Two bills to revise Hawaii’s medical marijuana program approved by legislature
The Hawaii Legislature adjourned Thursday, May 2, but not before passing two bills that seek to change the state’s medical marijuana law in various ways. Gov. Neil Abercrombie has until July 9 to take action on these bills.
H.B. 668, C.D. 1 would transfer jurisdiction of the medical marijuana program from the Department of Public Safety to the Department of Public Health and would create a “Medical Marijuana Registry Fund” to administer the program. This noncontroversial measure means that health professionals – as opposed to law enforcement – would have control of the program. The departments are already working on the transfer, which must take place before January 1, 2015. If you are a resident of Hawaii, please ask Gov. Abercrombie to sign H.B. 668, C.D. 1 approving the transfer.
Meanwhile, S.B. 642, C.D. 1 would make both positive and negative changes to the state’s medical marijuana law. The amount of usable marijuana a patient may possess would be increased from three to four ounces and the mature/immature definitions would be removed, allowing patients to have seven plants at any stage. Unfortunately, the bill would also change the law to only allow a patient’s primary care physician to recommend medical marijuana. If signed, it will not take effect until January 2, 2015 and advocates will work to fix this.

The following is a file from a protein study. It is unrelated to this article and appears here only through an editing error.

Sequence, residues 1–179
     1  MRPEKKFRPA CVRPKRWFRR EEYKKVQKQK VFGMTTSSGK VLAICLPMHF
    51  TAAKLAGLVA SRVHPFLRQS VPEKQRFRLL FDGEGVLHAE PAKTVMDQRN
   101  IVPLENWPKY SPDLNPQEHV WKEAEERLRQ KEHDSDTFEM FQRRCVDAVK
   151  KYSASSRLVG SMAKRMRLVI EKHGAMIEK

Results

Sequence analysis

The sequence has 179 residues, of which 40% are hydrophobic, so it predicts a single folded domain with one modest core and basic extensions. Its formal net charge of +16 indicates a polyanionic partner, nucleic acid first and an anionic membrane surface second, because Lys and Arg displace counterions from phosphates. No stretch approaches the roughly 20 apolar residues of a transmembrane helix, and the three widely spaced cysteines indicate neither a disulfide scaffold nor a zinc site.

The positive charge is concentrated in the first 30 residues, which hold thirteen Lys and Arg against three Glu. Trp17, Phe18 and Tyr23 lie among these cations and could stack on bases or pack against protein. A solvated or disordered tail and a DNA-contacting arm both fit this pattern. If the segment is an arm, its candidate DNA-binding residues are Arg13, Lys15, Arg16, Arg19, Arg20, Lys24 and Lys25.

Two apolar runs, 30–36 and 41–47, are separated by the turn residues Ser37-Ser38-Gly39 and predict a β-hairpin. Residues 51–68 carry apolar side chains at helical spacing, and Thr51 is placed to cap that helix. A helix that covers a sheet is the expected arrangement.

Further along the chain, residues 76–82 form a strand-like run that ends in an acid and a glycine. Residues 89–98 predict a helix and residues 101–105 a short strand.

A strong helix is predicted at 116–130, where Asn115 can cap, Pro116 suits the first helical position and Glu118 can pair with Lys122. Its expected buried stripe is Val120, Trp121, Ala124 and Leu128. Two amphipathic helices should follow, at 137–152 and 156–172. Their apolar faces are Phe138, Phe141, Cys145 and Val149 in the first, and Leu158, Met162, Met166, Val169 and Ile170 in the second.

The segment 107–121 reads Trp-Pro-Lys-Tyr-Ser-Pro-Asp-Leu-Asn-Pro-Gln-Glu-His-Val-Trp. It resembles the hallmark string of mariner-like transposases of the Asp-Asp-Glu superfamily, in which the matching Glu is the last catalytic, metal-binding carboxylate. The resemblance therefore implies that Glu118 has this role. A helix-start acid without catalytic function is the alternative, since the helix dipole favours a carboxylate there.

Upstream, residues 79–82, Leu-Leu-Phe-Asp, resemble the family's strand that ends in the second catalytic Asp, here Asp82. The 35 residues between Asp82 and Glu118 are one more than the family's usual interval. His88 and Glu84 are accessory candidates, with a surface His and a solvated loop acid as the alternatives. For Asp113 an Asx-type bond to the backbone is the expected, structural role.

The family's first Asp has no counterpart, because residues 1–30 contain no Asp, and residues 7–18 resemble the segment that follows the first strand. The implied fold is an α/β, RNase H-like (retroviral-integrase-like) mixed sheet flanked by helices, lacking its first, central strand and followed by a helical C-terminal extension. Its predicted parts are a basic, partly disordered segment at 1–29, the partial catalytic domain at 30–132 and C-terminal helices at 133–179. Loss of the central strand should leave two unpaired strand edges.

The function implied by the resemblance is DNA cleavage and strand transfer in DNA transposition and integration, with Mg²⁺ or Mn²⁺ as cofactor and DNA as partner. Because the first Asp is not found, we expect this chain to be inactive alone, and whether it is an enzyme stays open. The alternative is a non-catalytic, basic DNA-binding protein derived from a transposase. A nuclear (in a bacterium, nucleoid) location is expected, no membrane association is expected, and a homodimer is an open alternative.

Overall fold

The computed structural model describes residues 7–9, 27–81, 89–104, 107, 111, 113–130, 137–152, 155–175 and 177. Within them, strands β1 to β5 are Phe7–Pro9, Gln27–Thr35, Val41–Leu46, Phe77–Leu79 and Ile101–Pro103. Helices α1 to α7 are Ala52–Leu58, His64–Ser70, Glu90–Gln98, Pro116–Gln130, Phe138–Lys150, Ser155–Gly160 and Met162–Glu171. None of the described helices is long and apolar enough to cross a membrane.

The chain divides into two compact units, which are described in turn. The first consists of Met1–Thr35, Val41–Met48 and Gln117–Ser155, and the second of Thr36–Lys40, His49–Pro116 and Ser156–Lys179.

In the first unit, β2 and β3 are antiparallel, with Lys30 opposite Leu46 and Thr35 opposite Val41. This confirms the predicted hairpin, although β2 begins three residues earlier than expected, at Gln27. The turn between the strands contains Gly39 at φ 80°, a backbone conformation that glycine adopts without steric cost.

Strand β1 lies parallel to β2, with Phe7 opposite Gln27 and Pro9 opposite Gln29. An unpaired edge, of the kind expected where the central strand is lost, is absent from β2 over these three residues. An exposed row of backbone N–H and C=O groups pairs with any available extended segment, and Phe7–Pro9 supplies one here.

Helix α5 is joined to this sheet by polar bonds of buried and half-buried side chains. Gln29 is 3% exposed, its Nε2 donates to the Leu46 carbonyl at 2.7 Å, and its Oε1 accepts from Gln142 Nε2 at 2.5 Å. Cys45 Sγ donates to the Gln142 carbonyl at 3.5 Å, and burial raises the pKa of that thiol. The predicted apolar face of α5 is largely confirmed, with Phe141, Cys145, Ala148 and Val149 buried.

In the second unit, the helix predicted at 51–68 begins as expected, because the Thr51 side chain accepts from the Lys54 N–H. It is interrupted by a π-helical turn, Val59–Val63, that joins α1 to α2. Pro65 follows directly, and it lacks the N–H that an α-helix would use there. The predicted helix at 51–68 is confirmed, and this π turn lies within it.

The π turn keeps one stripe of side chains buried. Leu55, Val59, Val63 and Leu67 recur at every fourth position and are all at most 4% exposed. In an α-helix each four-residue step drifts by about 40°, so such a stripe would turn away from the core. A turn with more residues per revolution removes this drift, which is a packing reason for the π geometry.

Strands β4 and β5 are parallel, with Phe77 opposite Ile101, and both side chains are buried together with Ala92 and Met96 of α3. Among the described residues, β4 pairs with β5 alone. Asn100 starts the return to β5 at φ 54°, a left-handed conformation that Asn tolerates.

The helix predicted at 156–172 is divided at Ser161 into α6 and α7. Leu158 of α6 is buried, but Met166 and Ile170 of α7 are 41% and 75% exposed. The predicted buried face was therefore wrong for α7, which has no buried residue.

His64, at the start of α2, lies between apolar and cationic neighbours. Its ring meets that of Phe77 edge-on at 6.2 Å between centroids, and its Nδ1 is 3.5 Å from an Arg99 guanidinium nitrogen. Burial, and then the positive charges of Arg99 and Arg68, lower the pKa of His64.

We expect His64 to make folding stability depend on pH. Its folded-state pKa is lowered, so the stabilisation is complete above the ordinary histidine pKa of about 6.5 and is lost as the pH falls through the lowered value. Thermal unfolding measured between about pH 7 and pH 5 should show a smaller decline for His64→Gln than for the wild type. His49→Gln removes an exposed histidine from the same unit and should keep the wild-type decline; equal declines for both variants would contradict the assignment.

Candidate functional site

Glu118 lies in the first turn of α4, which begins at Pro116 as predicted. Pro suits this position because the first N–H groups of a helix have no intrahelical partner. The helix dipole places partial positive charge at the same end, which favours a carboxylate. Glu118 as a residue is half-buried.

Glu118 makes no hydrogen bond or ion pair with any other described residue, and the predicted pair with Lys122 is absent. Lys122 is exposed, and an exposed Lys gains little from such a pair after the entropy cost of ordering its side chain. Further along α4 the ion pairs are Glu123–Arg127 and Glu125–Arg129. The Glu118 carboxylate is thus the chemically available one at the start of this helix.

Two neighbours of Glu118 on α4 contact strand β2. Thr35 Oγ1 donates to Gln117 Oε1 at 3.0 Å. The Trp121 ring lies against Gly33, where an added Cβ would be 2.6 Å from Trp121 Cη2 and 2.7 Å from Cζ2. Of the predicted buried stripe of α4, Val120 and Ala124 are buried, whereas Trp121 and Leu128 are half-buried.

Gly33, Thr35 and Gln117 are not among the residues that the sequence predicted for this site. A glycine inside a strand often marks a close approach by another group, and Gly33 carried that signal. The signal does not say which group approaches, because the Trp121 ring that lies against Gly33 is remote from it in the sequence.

A huge thanks is due to The Drug Policy Forum of Hawaii, ACLU of Hawai’i, Fresh Approach Hawaii, and Medical Cannabis Coalition of Hawaii for their hands-on advocacy work in Honolulu.
Hawaiians support ending marijuana prohibition; House speaker proposes doing so
The Drug Policy Action Group and the American Civil Liberties Union of Hawaii recently commissioned QMark Research to poll voter attitudes towards marijuana policy in Hawaii. The poll found that 78% support a dispensary system for medical marijuana, 69% think that jail time for marijuana offenses is inappropriate, and an overwhelming 57% favor a taxed and regulated marijuana system over prohibition. This last number is 20% higher than the last poll conducted in 2005.
In addition to polling, an economic analysis was commissioned from University of Hawaii economist David Nixon. Mr. Nixon estimates that Hawaii could redirect $9 million annually if it stopped arresting individuals for marijuana possession. Additionally, Hawaii could generate tax revenues of up to $11 million annually if the state regulated and taxed the sale of marijuana to adults.
Hawaii legislators had an opportunity to take a fiscally sound approach to marijuana policy this year. Speaker of the House Joe Souki sponsored H.B. 699, which would create a taxed and regulated marijuana market that could legally sell to adults 21 and older. While it wasn’t brought to a vote this year, the speaker’s bill can be considered in 2014 — the second year of Hawaii’s two-year legislative session. Meanwhile, a bill to replace the current criminal penalties for possession of up to 20 grams of marijuana with a civil fine advanced out of the Senate — unanimously — but was not called to a vote in the House. Like H.B. 699, S.B. 472 can be considered again next year. You can ask your legislators to support ending the costly and futile prohibition of marijuana or to impose a fine — rather than criminal penalties and possible jail time — on responsible marijuana consumers.
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